Curated commentaries on the Jain cosmos
6 May, 2018
Inscriptions in Tamil Brahmi at Perumalmalai and a Jain idol carving near Samanarmalai, Tamil Nadu. These writings, idols and the caves are attributed to the Jain monks who lived in these areas more than 2000 years ago. Though most people don't know about it, Jains have had a huge impact on Tamil Nadu through culture and language.
4 May, 2018
We got published in the London School of Economics and Political Science (LSE) South Asia blog! The article below is an account of the Mahamasthakabhisheka of the Gomateshvara bahubali idol at Shravanabelagola that took place this year.
//At Sharavanabelagola, a giant monolith of a man standing in meditation is bathed in sacred substances once every 12 years. The statue is of Bahubali, one of the most popular characters in Jain mythology. Locally, this monolith is also known as the Gomateshvara. Coconut water, sugarcane juice, milk, turmeric, perfumes, medicinal herbs, sandalwood, vermillion, etc. are poured on the head of the idol from pots carried by devotees up a scaffolding set up behind the idol which is more than 57 feet high. These substances are typically poured from 1008 kalashas or pots on each day for about two weeks. This ceremony is known as the Mahamastakabhisheka, or the Great Head Anointment.//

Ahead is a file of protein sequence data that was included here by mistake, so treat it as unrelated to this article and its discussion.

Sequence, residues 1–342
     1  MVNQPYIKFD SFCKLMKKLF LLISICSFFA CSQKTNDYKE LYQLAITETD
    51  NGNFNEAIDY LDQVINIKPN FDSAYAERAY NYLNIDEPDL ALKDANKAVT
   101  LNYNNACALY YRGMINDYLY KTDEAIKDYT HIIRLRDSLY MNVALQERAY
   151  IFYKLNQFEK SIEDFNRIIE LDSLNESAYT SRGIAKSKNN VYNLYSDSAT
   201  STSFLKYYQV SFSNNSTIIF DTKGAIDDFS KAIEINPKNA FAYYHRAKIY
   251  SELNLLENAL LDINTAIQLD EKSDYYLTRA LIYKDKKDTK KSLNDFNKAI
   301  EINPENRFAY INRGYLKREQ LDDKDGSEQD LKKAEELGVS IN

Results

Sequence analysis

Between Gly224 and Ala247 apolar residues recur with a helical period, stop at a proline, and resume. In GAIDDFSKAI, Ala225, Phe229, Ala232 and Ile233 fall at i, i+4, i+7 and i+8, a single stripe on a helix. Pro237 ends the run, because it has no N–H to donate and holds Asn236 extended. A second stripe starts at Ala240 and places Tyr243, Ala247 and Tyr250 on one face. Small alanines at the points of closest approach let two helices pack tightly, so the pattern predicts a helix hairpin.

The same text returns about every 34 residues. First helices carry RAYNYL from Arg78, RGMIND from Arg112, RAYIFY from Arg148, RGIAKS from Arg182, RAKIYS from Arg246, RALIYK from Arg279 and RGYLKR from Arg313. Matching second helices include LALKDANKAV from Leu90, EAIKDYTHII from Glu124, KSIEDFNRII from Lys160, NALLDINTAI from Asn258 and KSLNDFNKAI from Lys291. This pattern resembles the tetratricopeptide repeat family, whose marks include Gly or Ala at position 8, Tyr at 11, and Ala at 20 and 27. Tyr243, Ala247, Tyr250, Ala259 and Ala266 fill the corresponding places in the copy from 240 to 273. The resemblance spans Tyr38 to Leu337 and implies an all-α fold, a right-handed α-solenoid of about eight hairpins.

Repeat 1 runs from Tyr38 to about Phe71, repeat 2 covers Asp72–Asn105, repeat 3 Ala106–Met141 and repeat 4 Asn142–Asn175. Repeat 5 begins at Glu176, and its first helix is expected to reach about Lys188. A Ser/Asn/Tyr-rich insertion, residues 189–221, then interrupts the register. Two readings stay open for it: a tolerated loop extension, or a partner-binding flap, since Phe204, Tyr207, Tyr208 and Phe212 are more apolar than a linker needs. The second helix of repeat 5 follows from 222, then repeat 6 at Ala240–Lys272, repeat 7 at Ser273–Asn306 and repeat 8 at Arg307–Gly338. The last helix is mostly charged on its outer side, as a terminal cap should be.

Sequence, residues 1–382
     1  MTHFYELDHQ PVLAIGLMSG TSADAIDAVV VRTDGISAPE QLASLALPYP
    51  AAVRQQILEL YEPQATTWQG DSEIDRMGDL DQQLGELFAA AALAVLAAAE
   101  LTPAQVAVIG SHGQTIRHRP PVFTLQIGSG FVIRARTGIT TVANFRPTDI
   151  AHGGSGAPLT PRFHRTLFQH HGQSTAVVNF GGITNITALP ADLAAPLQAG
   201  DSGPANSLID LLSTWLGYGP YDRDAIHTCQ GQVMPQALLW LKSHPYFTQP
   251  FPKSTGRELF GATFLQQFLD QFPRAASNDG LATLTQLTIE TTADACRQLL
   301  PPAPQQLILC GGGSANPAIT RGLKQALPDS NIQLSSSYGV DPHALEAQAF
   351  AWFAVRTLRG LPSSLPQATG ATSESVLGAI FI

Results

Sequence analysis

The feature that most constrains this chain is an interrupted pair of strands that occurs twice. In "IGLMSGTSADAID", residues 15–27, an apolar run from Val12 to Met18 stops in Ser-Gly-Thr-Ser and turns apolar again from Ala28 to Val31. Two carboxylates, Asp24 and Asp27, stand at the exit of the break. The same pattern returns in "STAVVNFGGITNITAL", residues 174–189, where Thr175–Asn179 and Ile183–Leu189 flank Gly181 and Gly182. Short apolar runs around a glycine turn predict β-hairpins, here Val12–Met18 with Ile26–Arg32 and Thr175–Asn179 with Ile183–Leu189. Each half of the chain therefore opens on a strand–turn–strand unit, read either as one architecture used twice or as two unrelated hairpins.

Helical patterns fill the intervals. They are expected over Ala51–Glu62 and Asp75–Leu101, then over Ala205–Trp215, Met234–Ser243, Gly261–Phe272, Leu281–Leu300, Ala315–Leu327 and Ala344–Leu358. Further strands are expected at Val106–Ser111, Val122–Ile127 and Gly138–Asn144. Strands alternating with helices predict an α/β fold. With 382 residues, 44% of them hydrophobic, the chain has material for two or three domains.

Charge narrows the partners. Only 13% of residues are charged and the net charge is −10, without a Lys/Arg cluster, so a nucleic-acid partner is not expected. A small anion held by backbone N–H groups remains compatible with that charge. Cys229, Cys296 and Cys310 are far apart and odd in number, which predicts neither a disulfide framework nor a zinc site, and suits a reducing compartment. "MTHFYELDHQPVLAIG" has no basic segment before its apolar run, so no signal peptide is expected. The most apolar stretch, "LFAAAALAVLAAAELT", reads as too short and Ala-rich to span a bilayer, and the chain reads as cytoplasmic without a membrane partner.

29 March, 2018
Happy Mahavira Jayanti to all our readers! Around two and a half millennia ago, Mahavira was born in the Indian subcontinent. In the Jain tradition, he is considered the 24th and last tirthankara of our times. Read more: Eventually, Mahavira or 'the great hero', like all great Jain ascetics, stepped away from his ascribed place in society and became a monk. However, through his journeys, he was not in complete seclusion. He kept interacting with people and other beings, as he delved deeper and deeper into his spirit. Stories of these interactions are also told as some examples of ahinsa in practice. Over time, he completely overcame the inner enemies: krodha (anger), lobha (greed), mana (ego), and maya (deceit), leading to inner bliss, and, at the end of his life, to the final liberation of moksha. On Mahavira Jayanti, let us remind ourselves of his message of true ahinsa; in thought, speech, and action. Let us remind ourselves of what Mahavira represents: that spirit is the destination, and ahinsa is the way.
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